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Hazardous materials like asbestos are highly regulated for good reason. Work with experienced cleaning and restoration professionals if you have a fire at a building that contains asbestos.

How to Deal with Asbestos and Other Health Hazards After a Fire

March 22, 2024
A fire can be the biggest catastrophe you face as a building owner or manager, but the danger doesn’t end when the flames are out. Hazardous materials like asbestos may be disturbed. Keep these 6 strategies top of mind after a fire.

A fire can be the biggest catastrophe that building owners and facility managers face, and the danger doesn’t end when the flames are extinguished. The aftermath of a fire often exposes many harsh chemicals and materials—like asbestos —that are a threat to staff, residents and emergency workers.

If you are a building owner or facility manager, it’s crucial to know the best practices for dealing with health hazards following a fire. Here are six strategies to keep top of mind.

1. Assess the Property Thoroughly

Once the fire department has put out the flames and checked the integrity of the structure, an essential next step is assessing the property thoroughly for the presence of any dangerous substances. These substances can lurk in unexpected places, especially if a property is several decades old. Plastics, paints, insulation, metal and other building materials can all release hazardous particles into the air when they burn or are exposed to extreme heat.

Building owners and facility managers should work alongside health, environmental, and cleaning and restoration experts to identify these risks, and then develop a comprehensive plan for mitigating them.

2. Wear the Proper Personal Protective Equipment

Many people think that firefighters’ personal protective equipment (abbreviated as PPE) is used exclusively to shield them from heat, flames and smoke. In fact, it also provides vital protection from health hazards that are present after the fire. Building owners and facility managers should take the same precautions if they are on-site. Proper clothing and gloves, along with respirators, goggles and other equipment, are necessary to prevent exposure to heavy metals and toxic gasses. You don’t want to come into contact with lead, mercury or hydrogen cyanide, all of which can be present in the aftermath of a fire. And it’s not enough to simply wear this equipment—you should be properly trained on its usage, care and disposal, too.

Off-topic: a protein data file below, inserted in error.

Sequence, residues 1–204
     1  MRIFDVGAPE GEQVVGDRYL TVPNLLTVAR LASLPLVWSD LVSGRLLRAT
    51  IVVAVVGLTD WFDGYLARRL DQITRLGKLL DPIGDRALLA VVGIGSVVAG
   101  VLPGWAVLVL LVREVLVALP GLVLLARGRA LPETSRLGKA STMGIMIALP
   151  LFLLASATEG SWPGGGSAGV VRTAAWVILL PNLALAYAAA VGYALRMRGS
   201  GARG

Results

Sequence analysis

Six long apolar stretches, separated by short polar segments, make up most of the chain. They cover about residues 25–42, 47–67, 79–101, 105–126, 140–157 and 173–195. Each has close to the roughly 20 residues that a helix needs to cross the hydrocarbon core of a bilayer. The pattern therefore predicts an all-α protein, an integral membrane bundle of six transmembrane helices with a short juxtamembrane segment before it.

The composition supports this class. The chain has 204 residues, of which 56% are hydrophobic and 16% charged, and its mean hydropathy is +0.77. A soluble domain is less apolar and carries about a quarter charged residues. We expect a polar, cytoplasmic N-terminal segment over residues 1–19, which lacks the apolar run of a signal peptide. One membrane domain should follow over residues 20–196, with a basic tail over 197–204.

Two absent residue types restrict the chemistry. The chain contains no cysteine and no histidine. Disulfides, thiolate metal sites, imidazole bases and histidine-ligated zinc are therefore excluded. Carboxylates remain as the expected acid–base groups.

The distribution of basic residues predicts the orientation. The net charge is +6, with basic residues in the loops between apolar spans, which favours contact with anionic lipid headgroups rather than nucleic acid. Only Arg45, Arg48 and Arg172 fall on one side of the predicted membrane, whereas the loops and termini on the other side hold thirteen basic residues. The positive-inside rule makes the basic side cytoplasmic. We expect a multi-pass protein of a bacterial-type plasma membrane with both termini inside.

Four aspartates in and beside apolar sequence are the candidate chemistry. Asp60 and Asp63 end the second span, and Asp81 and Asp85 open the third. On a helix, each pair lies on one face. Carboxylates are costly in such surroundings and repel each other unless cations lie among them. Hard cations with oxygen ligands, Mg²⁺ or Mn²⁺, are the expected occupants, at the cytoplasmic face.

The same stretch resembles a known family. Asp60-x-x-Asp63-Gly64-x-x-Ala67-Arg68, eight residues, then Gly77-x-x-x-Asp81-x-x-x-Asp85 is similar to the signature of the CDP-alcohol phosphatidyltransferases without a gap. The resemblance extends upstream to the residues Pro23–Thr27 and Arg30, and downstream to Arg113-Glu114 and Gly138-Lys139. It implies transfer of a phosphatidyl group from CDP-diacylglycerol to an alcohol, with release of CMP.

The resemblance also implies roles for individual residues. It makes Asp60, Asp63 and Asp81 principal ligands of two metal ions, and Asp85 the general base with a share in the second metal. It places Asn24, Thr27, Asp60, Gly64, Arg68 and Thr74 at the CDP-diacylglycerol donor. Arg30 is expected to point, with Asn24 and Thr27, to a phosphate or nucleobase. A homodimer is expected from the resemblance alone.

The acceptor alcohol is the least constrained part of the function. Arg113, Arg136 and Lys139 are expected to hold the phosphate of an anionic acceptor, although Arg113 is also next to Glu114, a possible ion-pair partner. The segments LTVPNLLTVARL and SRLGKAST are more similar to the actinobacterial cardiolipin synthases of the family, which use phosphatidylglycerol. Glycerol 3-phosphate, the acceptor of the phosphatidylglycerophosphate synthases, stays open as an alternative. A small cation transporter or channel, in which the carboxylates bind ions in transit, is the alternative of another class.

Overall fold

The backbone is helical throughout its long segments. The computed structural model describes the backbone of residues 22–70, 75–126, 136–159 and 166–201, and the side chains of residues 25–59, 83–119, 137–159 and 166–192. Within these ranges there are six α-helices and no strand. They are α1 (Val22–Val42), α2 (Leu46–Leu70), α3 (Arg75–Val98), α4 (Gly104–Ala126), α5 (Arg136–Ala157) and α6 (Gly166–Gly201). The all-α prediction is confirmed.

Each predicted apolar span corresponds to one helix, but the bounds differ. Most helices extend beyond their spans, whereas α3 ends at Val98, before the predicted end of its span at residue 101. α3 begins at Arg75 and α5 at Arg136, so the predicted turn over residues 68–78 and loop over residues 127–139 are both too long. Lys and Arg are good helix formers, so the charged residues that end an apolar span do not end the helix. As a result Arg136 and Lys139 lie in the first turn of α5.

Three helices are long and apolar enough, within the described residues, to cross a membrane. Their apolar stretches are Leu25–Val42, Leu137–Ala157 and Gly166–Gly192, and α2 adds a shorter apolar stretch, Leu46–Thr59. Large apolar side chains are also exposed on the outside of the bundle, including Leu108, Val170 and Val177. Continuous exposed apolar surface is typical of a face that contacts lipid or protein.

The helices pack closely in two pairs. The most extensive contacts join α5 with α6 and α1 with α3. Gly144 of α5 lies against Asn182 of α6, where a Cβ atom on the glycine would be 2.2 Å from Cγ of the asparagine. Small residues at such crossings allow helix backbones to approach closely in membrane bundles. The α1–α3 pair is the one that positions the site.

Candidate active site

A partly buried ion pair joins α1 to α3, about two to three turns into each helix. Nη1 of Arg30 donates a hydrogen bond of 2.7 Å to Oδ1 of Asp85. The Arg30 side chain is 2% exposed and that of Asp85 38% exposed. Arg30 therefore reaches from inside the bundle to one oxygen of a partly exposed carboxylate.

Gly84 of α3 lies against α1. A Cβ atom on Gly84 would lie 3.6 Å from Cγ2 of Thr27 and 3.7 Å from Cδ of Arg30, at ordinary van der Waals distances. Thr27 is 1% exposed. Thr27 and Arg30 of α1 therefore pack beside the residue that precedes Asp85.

3. Leverage Wet Methods

Even when the fire is extinguished, water can still be a crucial tool for staying safe. Cleaning and restoration professionals will often use “wet methods” to make properties safer. This entails spraying or misting surfaces like walls and floors to prevent dust, debris, and fibers from becoming airborne during the clean-up process. This technique goes a long way toward staying safe.

4. Be Wary of Asbestos

Veteran building owners and facility managers know full well about the presence—and danger—of asbestos. The fiber was previously a go-to substance in construction, used for everything from building to insulation. However, it was later determined to be a public health hazard, causing respiratory issues and even cancer. Fires can disturb asbestos, transforming its fibers into an airborne danger. Owners and managers should take care to know if asbestos is present in their properties before any kind of fire takes place. And if one does, owners and managers should work with qualified cleaning and restoration professionals to remove the affected material. This can entail sealing off contaminated areas, disposal practices that are legally required and carefully controlling air flow.

5. Dispose of Waste Properly

Given the dangerous nature of the substances discussed so far, it’s not adequate to simply put fire debris in the garbage for regular pickup. Like asbestos, many hazardous waste materials are carefully regulated, and for good reason. Work with cleaning and restoration professionals, who will cart materials to licensed disposal locations and maintain a paper record of the process.

6. Monitor the Air Quality Carefully

It’s essential for building owners and managers to meticulously monitor the air quality in and around their property after a fire. By staying vigilant, you can identify—and mitigate—the presence of any hazards before they cause harm. Deploy devices like smoke and particulate monitors, gas detectors, and thermal imaging cameras to remain proactive. And if the monitors turn something up, take action swiftly by contacting and working alongside the relevant cleaning and restoration professionals. 

The aftermath of a fire can be just as dangerous as the blaze itself. If you’re a building owner or facility manager, it’s crucial to know this—and to have a plan for keeping staff and residents safe in such a scenario. By using the above techniques and tools, you can ensure everyone impacted by the disaster remains as safe as possible.

About the Author

Ron Fanish

Ron Fanish is co-owner of Rainbow Restoration of Westchester, a full-service, one-stop-shop for restoration, cleaning, and reconstruction based in Westchester County, New York. For more information, visit www.RBWWestchester.com.

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